Tele-rehabilitation has indeed the potential to overcome barriers for participation, one of the major challenges of CR services today. However reasons of non-participation are manifold and not all are able to be addressed by tele-rehabilitation, such as financial coverage and referral issues or factors related to the patients themselves, like lack of interest. On the other hand, technology tools are advancing at a rapid pace and facilitate the implementation of tele-rehabilitation. From the scientific point of view, shorter-term improvements in functional capacity, health related quality of life, and CVD risk factor control are similar in home-based and hospital- or centre-based CR; however, longer-term studies on the impact of home-based CR on clinical outcome are still lacking.6A question remains, whether the tele-rehabilitation will challenge the actual gold standard of centre-based programs. One of the most important advantages of centre-based CR programs compared with remote guidance for the patient is the possibility of social interaction and the experience of a feeling of togetherness. Comparing its own situation with those of others, exchanging feelings of uncertainty or talking about difficulties in the implementation of lifestyle changes are major needs of patients. A face-to-face interaction with the rehabilitation team workers also confers a more obliging relation and facilitates the motivation of the patients. From the medical point of view, the initial assessment cannot be done at distance and certainly needs the physical presence of the patient. Since the clinical assessment needs the presence and experience of a cardiologist, this task cannot be delegated to a general physician in the proximity of the patient’s home. Especially, high-risk patients should start exercise in a supervised setting, at least during the first weeks of CR to allow the detection of complications, adapt the medication, and to regain confidence regarding his physical performance.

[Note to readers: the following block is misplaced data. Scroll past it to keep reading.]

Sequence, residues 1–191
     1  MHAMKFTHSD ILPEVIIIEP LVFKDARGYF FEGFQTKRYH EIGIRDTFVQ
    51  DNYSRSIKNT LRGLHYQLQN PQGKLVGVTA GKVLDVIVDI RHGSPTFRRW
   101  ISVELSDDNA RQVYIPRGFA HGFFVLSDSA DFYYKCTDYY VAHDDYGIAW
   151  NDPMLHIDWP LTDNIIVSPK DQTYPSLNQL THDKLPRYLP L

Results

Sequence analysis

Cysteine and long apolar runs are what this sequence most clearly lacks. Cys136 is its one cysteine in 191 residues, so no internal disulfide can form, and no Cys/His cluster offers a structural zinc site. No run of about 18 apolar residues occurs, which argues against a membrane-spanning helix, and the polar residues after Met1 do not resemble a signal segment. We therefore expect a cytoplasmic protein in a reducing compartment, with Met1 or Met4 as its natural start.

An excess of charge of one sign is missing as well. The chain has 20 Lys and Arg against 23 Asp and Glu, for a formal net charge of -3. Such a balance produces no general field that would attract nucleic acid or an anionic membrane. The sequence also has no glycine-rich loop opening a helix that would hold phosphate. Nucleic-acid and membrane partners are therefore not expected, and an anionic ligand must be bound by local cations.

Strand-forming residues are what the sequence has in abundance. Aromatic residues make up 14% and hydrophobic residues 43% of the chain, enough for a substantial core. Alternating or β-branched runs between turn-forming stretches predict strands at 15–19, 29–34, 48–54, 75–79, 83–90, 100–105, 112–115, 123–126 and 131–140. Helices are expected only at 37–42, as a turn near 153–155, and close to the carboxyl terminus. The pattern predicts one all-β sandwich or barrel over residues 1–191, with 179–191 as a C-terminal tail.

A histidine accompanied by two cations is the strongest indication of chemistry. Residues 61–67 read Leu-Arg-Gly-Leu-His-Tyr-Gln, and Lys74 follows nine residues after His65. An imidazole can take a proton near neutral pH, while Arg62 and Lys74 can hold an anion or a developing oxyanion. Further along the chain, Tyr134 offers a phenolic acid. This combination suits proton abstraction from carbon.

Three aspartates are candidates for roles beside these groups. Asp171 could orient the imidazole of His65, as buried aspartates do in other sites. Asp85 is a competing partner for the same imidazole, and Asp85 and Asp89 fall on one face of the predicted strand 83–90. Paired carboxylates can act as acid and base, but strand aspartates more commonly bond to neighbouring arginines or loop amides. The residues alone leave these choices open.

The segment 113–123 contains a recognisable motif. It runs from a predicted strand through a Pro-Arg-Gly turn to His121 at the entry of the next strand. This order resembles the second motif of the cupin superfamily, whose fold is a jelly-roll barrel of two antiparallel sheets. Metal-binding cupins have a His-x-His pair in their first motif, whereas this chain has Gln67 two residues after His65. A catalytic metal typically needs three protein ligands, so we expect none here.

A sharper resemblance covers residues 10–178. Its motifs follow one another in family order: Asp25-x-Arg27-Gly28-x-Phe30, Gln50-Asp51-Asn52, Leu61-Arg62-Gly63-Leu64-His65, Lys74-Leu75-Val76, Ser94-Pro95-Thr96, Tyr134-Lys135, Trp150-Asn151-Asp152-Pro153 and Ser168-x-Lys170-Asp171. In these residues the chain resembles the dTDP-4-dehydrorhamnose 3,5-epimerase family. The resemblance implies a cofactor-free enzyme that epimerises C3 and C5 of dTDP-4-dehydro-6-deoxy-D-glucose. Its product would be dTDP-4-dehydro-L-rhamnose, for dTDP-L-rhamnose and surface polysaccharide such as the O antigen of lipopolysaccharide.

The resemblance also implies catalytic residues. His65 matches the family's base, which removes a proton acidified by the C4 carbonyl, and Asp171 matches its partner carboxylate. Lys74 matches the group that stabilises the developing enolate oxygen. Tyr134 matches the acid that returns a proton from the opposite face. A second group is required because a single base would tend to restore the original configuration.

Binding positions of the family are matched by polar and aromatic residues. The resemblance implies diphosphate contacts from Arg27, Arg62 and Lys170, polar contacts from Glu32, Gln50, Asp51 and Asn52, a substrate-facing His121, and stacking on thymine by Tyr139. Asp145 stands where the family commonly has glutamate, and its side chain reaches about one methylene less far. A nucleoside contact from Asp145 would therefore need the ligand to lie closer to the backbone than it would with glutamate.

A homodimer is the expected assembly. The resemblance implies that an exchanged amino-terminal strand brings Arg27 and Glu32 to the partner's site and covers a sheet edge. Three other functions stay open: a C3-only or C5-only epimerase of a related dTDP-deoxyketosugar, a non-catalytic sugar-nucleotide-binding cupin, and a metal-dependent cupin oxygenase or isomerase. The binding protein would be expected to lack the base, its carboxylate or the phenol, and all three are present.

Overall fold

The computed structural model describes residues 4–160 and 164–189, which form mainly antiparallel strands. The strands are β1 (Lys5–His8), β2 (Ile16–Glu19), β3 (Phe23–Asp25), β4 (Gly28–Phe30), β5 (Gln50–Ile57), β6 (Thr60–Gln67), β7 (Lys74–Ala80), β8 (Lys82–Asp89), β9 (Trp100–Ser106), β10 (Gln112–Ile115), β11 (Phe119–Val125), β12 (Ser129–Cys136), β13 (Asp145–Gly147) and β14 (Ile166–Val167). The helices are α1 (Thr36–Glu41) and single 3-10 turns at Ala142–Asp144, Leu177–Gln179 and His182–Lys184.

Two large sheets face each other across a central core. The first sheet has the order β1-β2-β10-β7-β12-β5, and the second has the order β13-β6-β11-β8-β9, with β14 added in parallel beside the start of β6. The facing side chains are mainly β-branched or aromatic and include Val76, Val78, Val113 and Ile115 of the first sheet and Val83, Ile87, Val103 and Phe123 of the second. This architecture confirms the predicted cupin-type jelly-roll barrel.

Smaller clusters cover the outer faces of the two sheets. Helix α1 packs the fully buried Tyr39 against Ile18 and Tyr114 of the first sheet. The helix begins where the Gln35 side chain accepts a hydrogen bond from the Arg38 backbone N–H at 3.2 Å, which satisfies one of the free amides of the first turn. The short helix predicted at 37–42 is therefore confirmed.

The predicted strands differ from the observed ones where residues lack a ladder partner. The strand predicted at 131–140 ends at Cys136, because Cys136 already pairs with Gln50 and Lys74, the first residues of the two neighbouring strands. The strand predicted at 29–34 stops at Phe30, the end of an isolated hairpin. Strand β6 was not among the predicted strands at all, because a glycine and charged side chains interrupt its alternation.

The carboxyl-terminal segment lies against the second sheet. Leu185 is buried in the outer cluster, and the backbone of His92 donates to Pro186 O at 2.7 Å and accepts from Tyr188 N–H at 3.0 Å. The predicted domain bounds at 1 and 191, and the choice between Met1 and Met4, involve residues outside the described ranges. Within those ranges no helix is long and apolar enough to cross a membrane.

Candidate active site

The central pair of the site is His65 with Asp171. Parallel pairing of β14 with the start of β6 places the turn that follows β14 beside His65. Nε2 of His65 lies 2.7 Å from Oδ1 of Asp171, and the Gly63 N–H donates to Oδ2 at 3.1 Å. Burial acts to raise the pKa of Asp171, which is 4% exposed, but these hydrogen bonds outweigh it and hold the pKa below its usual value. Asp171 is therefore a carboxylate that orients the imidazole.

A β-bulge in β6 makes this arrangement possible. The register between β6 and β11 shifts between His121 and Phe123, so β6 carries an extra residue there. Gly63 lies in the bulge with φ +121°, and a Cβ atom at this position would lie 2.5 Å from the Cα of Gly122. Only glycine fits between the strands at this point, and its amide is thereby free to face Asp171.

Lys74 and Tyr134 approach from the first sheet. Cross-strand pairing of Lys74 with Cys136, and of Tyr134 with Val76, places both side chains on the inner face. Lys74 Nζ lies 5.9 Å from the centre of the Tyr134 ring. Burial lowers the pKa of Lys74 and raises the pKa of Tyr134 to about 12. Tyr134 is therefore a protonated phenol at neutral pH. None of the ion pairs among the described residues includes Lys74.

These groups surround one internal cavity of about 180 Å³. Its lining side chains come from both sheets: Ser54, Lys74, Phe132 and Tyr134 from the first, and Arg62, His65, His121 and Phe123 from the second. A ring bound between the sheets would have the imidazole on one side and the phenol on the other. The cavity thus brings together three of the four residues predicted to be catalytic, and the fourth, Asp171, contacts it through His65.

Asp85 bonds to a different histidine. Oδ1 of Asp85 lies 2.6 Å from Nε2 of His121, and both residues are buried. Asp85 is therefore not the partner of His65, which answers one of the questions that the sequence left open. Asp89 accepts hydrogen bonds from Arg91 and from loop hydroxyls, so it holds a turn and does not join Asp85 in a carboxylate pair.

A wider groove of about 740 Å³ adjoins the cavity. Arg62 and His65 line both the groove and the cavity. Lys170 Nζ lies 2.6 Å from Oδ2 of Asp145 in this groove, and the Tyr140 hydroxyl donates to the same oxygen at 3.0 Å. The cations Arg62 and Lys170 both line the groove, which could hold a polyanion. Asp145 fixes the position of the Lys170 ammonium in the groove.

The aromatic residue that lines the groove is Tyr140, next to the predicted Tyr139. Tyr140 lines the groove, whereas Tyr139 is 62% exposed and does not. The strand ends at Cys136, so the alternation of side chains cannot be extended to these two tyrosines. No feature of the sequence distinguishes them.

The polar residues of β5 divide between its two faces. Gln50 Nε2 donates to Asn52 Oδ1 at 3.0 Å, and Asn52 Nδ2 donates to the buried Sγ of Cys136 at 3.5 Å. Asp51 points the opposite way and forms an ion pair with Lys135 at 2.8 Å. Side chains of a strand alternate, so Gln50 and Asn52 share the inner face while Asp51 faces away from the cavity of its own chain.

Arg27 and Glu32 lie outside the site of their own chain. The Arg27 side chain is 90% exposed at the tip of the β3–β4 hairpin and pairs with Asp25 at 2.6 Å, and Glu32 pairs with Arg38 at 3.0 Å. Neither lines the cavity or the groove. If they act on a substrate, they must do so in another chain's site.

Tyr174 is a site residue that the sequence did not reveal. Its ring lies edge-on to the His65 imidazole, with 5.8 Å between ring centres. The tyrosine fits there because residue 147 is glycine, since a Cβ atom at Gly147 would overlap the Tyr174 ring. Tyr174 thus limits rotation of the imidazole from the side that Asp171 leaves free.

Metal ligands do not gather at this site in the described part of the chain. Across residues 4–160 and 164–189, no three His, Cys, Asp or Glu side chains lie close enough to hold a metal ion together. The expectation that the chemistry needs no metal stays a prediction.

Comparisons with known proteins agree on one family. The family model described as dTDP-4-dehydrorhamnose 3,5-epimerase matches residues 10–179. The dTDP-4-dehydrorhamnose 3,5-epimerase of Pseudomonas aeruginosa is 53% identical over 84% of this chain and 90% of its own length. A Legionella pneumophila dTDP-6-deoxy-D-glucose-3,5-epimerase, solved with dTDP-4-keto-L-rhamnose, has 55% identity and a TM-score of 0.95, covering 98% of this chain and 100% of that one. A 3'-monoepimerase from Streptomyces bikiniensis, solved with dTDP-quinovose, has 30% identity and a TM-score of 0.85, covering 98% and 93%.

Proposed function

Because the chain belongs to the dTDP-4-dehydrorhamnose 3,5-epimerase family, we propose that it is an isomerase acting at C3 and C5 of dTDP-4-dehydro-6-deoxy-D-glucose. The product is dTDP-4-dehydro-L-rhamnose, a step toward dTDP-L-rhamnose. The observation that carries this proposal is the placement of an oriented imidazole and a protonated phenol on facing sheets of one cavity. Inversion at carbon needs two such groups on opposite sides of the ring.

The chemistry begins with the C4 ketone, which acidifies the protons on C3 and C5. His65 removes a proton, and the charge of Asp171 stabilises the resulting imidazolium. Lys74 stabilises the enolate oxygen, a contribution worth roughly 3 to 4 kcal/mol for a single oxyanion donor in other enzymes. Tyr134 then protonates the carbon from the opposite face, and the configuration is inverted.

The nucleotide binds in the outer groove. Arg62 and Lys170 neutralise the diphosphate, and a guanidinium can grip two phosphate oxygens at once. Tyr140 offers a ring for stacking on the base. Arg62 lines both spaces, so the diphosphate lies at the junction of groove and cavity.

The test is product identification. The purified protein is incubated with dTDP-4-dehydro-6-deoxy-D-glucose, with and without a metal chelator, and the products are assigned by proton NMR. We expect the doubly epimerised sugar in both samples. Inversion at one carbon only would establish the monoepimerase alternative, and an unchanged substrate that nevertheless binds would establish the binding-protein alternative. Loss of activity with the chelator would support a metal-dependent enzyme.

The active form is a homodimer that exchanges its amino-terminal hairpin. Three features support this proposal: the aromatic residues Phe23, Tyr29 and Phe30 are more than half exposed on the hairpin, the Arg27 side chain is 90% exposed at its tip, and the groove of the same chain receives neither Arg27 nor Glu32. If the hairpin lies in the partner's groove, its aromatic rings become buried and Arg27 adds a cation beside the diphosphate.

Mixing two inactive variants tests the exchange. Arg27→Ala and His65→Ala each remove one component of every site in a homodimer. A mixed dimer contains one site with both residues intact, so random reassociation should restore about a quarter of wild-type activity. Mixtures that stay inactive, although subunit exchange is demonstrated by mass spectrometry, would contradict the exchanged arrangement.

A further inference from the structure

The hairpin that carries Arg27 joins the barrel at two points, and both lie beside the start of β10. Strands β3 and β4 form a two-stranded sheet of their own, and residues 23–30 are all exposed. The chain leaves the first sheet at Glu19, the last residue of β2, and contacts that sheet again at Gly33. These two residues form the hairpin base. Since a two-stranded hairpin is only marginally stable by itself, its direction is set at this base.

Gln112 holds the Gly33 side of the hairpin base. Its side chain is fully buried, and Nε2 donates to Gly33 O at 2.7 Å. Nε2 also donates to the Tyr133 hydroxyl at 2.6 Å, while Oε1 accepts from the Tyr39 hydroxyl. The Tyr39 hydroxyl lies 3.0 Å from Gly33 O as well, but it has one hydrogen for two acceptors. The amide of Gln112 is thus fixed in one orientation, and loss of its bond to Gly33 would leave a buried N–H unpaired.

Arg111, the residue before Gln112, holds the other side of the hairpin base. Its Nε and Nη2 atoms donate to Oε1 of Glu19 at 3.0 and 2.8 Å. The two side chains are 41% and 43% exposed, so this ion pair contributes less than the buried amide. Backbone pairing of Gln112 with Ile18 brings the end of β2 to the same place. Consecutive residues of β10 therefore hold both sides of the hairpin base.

A successful transition to telemedicine requires the intersection of at least three key factors: access to broadband internet, an internet-capable device, and sufficient technology literacy to take advantage of the first two.7 While factors such as minimal commuting efforts, individualized counselling and better tailoring of interventions as well as protection from virus infection while staying at home, favour tele-rehabilitation, other factors constitute unresolved problems: digital literacy, reimbursement, data safety and privacy, lack of legal principles, and documentation in an electronic medical record.
Some of the limitations encountered while conducting video utilization and telephone consultations during the COVID-19 pandemic were highlighted by Eberly et al.8 They compared the demographics of patients with completed telemedicine encounters at a large academic health system to those who were scheduled, but did not complete a visit. They showed that the use of technology for maintenance of care may exacerbate inequities. Vulnerable patients, including poorer and older patients, and those with limited knowledge of the local language may have increased barriers to engage in care via telemedicine, particularly video visits. Female gender was also independently associated with less telemedicine and video use.
Therefore, will this moment of telehealth use and acceptance last? Athena Poppas, president of the American College of Cardiology holds that ‘It can and it must’.9 Telehealth in general and tele-rehabilitation in particular as modes of outpatient care delivery have been rapidly implemented and accepted by patients and providers. The technology to meet and interact with patients is available and the majority of them is also able to make use of it, although some patient groups might be disadvantaged, in particular in an elderly CR population. However, obvious advantages of a remote management have been revealed and will constitute a supplemental option in the search of the ideal CR program, which should be tailored, clinically effective and safe, and well accepted by the patients permitting long-term adherence and maintenance of achieved benefits.